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General Pizza

by Alex Morton


            I was hiding behind a big Maple when Gold noticed me. Three days into a new town, in a new state, and damned if I didn’t find him right down the street. His hair was now all grey, and his shoulders a little more stooped, but all in all he didn’t look too bad.  It was the first time I’d seen him since his funeral.

That’s the magic of waking up in a new neighborhood. You never know what you’ll find. It was certainly true of the move to the town in Massachusetts. Cindy and I didn’t know anyone the day we moved in, and had no idea where we were, nor even how to find the supermarket. Didn’t matter, anyway. The first night is always pizza delivery.

The municipality in which we’d just planted ourselves was different from any place we’d previously lived.  The Yellow Pages had only one listing under the pizza category. It was a full page ad, that contained no menu and didn’t give away a thing. There was just the photo of a delivery truck with a sign on the side that read, General Pizza - Order what you like. Phone 111 pizza. I expected the worst, because the stuff they make in most places is terrible. It’s as if they construct it based on a picture they’ve seen of a pizza, without ever having tasted one. Maybe that’s why we move so often.

Pizza gives you the sense of a town, whether it’s thin crust, Sicilian,  or whole wheat. It can be minimalist and elegant, like the great pizza of Boston, with crisp edges, and simple cheese with a leaf or two of fresh basil, or more elaborate like the king of pizzas from New York street corners, where the sausage bites just right, and the crust is baked on salt.

Mostly, though, you run into pizza that tastes like sludge and motor oil.  It’s made with pepperoni without pep, sauce without snap, and black three-dimensional recreations of things that look like olives, but have the flavor of wart medicine. Once in a while, though, behind the glass of a storefront, a pizza still flies through the air like a saucer from a planet that hasn’t forgotten what it’s all about.  The hands twirling out the pie are in friendly fists, and throw it with gentleness and skill. The sauce stings with flavor, the cheese is positive of its identity, and the oven is hot enough to imprint a light brown haze on the crusty edges of the masterpiece.

When I called that first night in Massachusetts I was surprised by a pleasant young woman’s voice. “General Pizza,” she trilled. For some reason she sounded happy. Even the best of places generally takes your order begrudgingly.  But she was nice. And happy.

“Order what you like.”


She giggled. “As long as it’s pizza.”

I took it as a challenge. “Pastrami pizza,” I said. “Whole wheat crust. And hold the anchovies.”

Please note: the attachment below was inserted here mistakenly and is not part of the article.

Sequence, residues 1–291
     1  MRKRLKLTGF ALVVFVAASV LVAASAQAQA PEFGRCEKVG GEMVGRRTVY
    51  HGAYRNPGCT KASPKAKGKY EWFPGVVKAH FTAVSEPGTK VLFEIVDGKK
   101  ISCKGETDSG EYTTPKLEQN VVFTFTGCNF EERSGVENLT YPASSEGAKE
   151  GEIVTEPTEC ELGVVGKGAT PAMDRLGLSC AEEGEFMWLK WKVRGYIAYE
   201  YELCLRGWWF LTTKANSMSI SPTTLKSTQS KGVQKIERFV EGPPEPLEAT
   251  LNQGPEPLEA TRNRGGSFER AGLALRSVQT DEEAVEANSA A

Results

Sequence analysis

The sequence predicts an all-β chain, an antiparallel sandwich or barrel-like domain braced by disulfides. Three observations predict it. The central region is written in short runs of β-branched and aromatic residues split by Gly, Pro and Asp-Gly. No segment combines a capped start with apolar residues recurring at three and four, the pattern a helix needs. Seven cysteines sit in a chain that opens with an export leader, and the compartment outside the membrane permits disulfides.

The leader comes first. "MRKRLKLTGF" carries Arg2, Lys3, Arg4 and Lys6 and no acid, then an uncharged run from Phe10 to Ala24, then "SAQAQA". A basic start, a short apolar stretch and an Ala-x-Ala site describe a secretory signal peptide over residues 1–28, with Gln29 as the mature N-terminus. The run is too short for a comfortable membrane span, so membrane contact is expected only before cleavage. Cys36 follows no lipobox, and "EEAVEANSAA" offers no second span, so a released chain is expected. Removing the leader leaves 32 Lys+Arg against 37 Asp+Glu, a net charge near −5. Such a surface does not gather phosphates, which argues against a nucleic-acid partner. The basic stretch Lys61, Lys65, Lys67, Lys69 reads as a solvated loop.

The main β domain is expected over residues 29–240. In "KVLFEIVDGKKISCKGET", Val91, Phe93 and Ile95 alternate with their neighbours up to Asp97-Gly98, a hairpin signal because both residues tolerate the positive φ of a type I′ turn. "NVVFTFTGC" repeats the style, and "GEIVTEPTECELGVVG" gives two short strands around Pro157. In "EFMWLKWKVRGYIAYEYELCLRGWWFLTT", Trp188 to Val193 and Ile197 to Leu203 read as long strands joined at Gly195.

“Kosher dills?” she asked. The joy was obvious in her voice.

“Just plain,” I answered.

“Twenty minutes.”

I read our new address to her from a card I’d be keeping next to the phone for a couple of days until I was sure of the new address.

“And tomorrow?” she asked.


“There will be one,” she said, with a charming, flute-like lilt to her voice.

“But I don’t know if we’ll want pizza again so soon.”

“You haven’t tasted ours yet.”

“Can I let you know tomorrow?”

“Sure,” she said. “Twenty minutes.”

 In that odd, little town, near the border with Rhode Island, Cindy and I had rented a house on a corner where hedges and trees formed two nearly solid walls along the road frontage. There was a stretch of six feet of foliage near the corner that was shorter, less dense, and lighter in color than the rest, as if it had been recently replanted. That was where I decided to take up my post.

Wherever we live I always sit in the yard for the first few mornings to check out the commuters. One or two in each vehicle, they pass by like products on a catalog page. Mostly it’s Sears, although in parts of Vermont it verges on Mountain Coop, and in Texas, nearly always Stetson.

I placed a wicker chair behind the shortest stretch of hedges, thought about the superb pizza we’d had last night for dinner, and waited for rush hour to begin. But it never did. The town didn’t seem to have any commuters. There was traffic, all right, but not in waves or swells. I sat in the wicker chair throughout that first morning, and watched cars and pedestrians passing our new house on a very steady basis. It was as if we were in a retirement community where no one needed to be anywhere at a particular time, except that the ages of the people in the cars were as varied as you’d find anywhere else.

Cindy and I are retired, but it’s not obvious to most people. She doesn’t look much past forty, and neither do I, although we’re both decades beyond that barrier.  It’s not something we question, and since we move so often no one ever has the chance to notice it. Years ago, it might have seemed odd to neighbors that we didn’t leave the house to go to work in the morning, but today with so many people working from home by computer, no one notices.